Soon, the trail begins to descend. At the base of the descent, It passes a small cattail swamp on the left. The trail now begins to climb. After leveling off, the Suffern-Bear Mountain Trail crosses under another power line, with a good view of the Ramapo Torne on the left. As you enter the woods beyond the power line, be sure to bear left and follow the yellow blazes along a footpath (the woods road that descends to the right is not the route of the trail).

Valley of Dry Bones. Photo by Daniel Chazin.After crossing a woods road, the trail passes just to the right of a high point (elevation 1,096 feet) and begins a steady descent to a rocky hollow. Frank Place named this location the “Valley of Dry Bones” because he thought that some of the rocks resembled animals. The trail now begins a steady climb. At the highest point, marked by large boulder and a cairn, the trail turns sharply right. Soon, it proceeds through the site of the former Sky Sail Farm. The farm was abandoned many years ago, and only some stone walls remain.

About a mile past the “Valley of Dry Bones,” you’ll encounter a very rocky trail section and cross another gas line – the fifth crossing of a utility line in this trail section. This gas line was rebuilt recently, and the gas transmission company was required to remediate the line, with the result that it has been attractively planted with grass.

After passing through another rocky section (named MacIlvain’s Rocks, to honor a volunteer who helped construct this trail), you’ll reach Grandma and Grandpa Rocks – two huge pointed boulders adjacent to the trail. Just beyond, you’ll come to an intersection with the white-blazed Kakiat Trail. This is the first junction with a marked hiking trail that you’ve encountered in the 4.5 miles that you’ve hiked from Suffern.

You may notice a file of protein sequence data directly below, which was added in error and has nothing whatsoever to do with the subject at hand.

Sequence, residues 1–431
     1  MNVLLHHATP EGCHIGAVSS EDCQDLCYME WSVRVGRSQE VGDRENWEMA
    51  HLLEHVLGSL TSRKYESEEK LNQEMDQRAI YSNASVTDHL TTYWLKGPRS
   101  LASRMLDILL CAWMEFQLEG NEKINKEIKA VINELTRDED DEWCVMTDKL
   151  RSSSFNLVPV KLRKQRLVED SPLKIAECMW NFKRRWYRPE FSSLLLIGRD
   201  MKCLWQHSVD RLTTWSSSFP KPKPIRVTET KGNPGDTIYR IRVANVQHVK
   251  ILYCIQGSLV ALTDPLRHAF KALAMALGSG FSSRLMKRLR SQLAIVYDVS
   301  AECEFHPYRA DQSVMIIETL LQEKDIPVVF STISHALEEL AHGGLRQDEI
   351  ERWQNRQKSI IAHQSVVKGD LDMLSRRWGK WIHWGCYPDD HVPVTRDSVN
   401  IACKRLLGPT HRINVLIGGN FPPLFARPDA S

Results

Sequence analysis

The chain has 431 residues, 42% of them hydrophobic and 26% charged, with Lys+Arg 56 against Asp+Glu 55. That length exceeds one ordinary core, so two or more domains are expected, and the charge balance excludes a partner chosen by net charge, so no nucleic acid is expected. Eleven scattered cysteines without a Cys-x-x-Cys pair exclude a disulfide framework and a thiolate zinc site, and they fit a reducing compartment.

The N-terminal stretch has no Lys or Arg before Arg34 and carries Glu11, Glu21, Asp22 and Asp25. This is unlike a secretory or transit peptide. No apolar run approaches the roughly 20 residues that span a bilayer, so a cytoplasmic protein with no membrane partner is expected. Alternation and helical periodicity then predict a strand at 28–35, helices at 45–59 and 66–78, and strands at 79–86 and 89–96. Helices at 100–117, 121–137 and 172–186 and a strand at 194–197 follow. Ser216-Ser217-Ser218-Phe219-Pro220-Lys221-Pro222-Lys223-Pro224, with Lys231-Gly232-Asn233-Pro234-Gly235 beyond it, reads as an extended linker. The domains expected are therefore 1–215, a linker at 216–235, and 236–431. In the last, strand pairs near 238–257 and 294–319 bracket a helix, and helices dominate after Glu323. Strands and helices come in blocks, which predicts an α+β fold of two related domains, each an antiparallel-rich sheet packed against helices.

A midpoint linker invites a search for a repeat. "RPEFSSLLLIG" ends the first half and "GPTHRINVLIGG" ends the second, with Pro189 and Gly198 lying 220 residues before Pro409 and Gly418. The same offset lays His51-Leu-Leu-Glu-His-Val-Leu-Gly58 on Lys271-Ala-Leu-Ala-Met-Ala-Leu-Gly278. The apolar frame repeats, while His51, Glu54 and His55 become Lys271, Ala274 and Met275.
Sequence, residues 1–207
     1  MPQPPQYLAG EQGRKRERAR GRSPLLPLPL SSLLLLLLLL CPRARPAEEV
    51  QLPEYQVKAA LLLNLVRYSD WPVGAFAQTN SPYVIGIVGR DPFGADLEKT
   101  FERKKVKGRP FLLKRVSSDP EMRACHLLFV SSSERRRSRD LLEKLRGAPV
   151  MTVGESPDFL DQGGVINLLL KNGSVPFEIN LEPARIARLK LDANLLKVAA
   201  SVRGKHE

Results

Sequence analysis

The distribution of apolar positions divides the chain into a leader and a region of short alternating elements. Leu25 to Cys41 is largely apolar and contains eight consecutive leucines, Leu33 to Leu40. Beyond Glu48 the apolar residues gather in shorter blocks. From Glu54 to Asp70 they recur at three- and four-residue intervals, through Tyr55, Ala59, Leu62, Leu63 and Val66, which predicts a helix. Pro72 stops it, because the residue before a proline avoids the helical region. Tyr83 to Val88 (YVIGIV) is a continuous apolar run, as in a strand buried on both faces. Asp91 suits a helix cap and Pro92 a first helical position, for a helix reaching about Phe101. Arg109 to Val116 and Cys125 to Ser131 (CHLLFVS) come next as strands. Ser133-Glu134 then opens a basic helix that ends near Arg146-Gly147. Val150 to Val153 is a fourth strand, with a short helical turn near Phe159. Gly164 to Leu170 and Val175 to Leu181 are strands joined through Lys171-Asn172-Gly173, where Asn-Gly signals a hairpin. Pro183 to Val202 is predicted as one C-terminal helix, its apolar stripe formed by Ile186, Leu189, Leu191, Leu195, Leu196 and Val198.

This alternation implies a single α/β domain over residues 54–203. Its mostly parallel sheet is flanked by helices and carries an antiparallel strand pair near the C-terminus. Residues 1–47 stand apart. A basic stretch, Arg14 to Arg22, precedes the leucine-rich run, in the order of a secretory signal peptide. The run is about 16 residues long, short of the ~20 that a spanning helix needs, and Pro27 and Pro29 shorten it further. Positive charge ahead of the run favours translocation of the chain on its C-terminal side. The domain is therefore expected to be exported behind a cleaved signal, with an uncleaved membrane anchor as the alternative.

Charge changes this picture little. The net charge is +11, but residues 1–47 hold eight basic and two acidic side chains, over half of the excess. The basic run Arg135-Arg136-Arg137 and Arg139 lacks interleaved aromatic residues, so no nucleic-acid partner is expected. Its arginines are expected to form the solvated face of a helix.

Turn left, leaving the Suffern-Bear Mountain Trail, and follow the white blazes of the Kakiat Trail. The Kakiat Trail climbs a little, then begins a rather steep descent into a valley, where it crosses an intermittent stream. The trail then climbs steeply to the opposite rim, where it bears left and reaches a panoramic viewpoint over the Ramapo Rampart. This is the ridge that you just traversed on your hike from Suffern along the Suffern-Bear Mountain Trail. You’ll want to take a break here to rest from the steep climb and admire the view.

Continue ahead on the Kakiat Trail, which passes an interesting balanced boulder, then bears right and Split rock along the Kakiat Trail. Photo by Daniel Chazin.soon descends to a rocky area. After traversing a level section, the trail begins to descend parallel to the route of a gas pipeline (the same grassy pipeline route that you crossed on the Suffern-Bear Mountain Trail just before reaching the Kakiat Trail). The Kakiat Trail then descends to cross Torne Brook in a magnificent rocky ravine – a particularly picturesque location. A short distance beyond, it passes a split, slanted boulder on the right.

Soon, the trail crosses Torne Valley Road (a woods road) and climbs to reach a junction with the black-dot-on-white Raccoon Brook Hills Trail, which joins from the right and almost immediately leaves to the left. Continue ahead on the Kakiat Trail, which traverses an area with an understory of blueberries, then turns sharply right and descends through a cleft in the rock. It continues to descend along a valley, paralleling a stream on the right. Along the way, it passes on the right the eastern terminus of the Raccoon Brook Hills Trail.